It is ironic when people question where fiber comes from with when processed grains are reduced as a result of eating more whole foods. Vegetables believe it or not are chock full of fiber calorie for calorie and ounce for ounce. There is a reason you use the bathroom after eating a salad heavy meal… fiber.  Clearly I am having a little fun here  but often people do know fruit and vegetables have fiber and still make the shocking assumption that somehow it is lacking. The nutrient density of vegetables also provide lasting satisfaction.  When you eat a diet that consists of mostly vegetables and protein you are full a lot, so the temptation to overeat is much less. Becoming full happens because you give the body what it wants and needs so little room is left for mental temptations and cravings.

“But I don’t like vegetables”

So, if you are reading this you are probably an adult so let’s quit acting like a child.  Every family can have occasional candy or sweets, but access in the house to such foods is unnecessary. Leaving the house to go as a family to enjoy an ice cream cone is different than the nightly 3 sleeves of Oreo’s while sitting on the couch watching TV shows.  If you ‘need’ something sweet have an apple. Add some nuts with the apple to make it go further and last longer.  The whole family should have confidence in being able to eat anything in the house they want because all the food provided should be healthy – there are no ‘bad foods’ ‘cheat foods’ or foods off-hands.  At every meal you should try and have a vegetable, and it doesn’t always have to be the ‘best’ vegetable. Eating spinach and collard greens is not necessary every day.  More often than not though, you will get the best bang for the buck with common hearty vegetables.  Besides if you want to have ice cream it’s just best to have it after having a big nutritious meal, that way the likelihood and tendency to overeat is reduced.

Starches

The long and short of starches is that they are higher in calories than in nutrition.  Even the few considered to be good for you like sweet potatoes and squash do not offer a wide variety of nutrients.  Starches that are good for you tend to be good for you because of the vitamins they have.  Most of those vitamins you can get from foods besides starch and will usually accompany many more minerals.  In the case of athletes starches can be a very valuable tool and we will talk more about that in a later chapter.

The case for Pasta

I love Bolognese and while I could certainly eat it with no pasta it is just better with it.  So that is how I eat it.  The difference between the way I eat it and the way that others eat it is the difference between being lean and not.  For instance, there is a local joint that serves adequate portion sizes, meaning small and worth every bite- think French cuisine, fantastic but allowing for only a few bites.  When choosing to eat for mental satisfaction, like pasta and similar empty foods, going for quality is superior to quantity. There is no point in eating empty food for size. A restaurant is a good place to allow for a treat- you get a serving and there is no going back for seconds, thirds…and then a binge.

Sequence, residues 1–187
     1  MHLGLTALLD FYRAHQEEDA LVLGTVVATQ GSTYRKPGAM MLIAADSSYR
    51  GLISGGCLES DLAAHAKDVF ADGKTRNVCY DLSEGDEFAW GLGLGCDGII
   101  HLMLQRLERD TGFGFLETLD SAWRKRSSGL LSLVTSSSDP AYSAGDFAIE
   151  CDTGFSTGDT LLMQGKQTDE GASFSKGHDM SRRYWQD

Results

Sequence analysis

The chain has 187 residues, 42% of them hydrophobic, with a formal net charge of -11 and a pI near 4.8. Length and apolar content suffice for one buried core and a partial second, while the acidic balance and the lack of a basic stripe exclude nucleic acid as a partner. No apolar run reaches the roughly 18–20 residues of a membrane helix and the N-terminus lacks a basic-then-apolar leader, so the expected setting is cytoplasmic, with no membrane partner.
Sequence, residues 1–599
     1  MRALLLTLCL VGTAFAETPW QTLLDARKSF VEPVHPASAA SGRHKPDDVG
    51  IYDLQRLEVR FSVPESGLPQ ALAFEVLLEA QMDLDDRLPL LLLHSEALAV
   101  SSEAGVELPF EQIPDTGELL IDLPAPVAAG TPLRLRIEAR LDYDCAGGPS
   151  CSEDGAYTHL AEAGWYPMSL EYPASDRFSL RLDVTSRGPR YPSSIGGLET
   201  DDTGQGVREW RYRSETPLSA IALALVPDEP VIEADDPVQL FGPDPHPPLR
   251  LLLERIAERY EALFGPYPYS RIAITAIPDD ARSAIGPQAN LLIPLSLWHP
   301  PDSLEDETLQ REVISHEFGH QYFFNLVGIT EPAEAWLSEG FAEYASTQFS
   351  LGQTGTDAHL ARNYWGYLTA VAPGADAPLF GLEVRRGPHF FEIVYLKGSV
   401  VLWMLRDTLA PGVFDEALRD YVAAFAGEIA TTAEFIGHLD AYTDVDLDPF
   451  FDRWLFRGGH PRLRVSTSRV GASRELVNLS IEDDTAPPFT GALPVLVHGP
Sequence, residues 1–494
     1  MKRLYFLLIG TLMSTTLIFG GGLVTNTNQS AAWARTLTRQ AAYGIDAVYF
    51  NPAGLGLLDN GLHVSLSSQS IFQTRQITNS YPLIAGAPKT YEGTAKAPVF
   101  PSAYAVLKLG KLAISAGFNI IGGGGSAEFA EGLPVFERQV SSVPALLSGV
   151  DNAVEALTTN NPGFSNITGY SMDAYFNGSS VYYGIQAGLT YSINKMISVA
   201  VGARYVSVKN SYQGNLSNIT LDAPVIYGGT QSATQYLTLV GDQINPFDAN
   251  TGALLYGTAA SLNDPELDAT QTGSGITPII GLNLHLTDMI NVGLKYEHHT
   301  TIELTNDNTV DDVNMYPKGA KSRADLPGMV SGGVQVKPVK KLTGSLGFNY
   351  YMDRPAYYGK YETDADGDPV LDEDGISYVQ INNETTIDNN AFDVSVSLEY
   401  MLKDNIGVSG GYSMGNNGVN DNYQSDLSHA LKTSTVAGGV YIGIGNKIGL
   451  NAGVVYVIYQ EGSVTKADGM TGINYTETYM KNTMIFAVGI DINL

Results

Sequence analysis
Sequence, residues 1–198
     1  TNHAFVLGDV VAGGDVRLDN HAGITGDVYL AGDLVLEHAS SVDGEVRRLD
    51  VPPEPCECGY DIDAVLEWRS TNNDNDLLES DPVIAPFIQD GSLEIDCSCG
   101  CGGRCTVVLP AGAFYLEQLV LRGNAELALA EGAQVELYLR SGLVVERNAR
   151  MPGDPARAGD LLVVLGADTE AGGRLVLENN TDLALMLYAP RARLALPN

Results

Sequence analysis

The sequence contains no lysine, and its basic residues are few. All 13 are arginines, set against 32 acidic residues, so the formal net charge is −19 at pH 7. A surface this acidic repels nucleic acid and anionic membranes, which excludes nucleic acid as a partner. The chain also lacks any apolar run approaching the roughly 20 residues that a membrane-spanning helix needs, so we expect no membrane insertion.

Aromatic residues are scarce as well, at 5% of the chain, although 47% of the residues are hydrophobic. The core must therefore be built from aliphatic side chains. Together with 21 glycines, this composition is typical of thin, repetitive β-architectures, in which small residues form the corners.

An appetizer with meat or salad of some sort makes for less room to attempt to meet all your satisfaction with an empty food course, like my favorite pasta Bolognese.  Of course it is more expensive, but I could have eaten at home for cheaper so I am not going to use eating out as an excuse for eating bad.  Another strategy might be to have a steak with the pasta. Don’t be above ordering two entrees, not only will the waiter love you, you’ll allow less stomach room to be spent on junk. As a normal size guy I eat pretty big, so it’s always amusing to order 2 entrées.  I am pretty active and getting most of my food  from real natural sources allows me to eat more due to the efficient processing of my metabolism. My body is in tune to expecting good food and is ready to put it to use.

Moderation?

Do not get twisted what is being said with ‘moderation is key.’  The point is your waistline will expand when you do not provide an environment of nutrient dense foods.

Moderation looks like for a lot of people:

Breakfast: Lowfat Yogurt (carb) and Oatmeal (carb) with some fruit (carb)

Mid morning snack: Kashi Bar

Lunch: Subway 6 inch turkey (low fat everything with some spinach instead of lettuce because Jared lost weight this way) with baked chips

Dinner: Chicken Breast, Brown Rice and Broccoli

See how this person is left gutting it out from lunch to dinner having provided no long lasting source of dietary fat. This will leave an individual ready to eat his arm off and by dinnertime appear to be a possessed raving lunatic. This is a good set up for failure.  So the answer is not eating less of the foods you might be eating now, the answer more likely is replacing those foods with more whole unprocessed foods and eating those foods occasionally.

Oprah once told her audience not to have a single grape after 6pm so they listen, after all, she is Oprah (this example was me). Actually the original advice came from Bob Green (because who should take advice from Oprah…but that Bob Green guy seemed fit).  By 11 pm I was straight starving and choking down Melatonin, known for drowsiness, just to get to bed. Of course I usually awoke around 3am with a rumbling and furious stomach.

Following the bad diet day example and notorious night hunger, it should be obvious that regardless of what you’re eating, if you’re not eating enough you’re going to be hungry. No one should go hungry; it is the worst slap-you-in-the-back way to lose weight because it will always result in the opposite effect once you are fed up with a loud noisy stomach as your body eats away all your muscle. While sending insulin through the roof and crashing down hard is unhealthy, it is not nearly as deterring to mental well being and enjoyment in life as starving all the time. If you believe going hungry is the only way to lose weight, then you are reading the wrong book.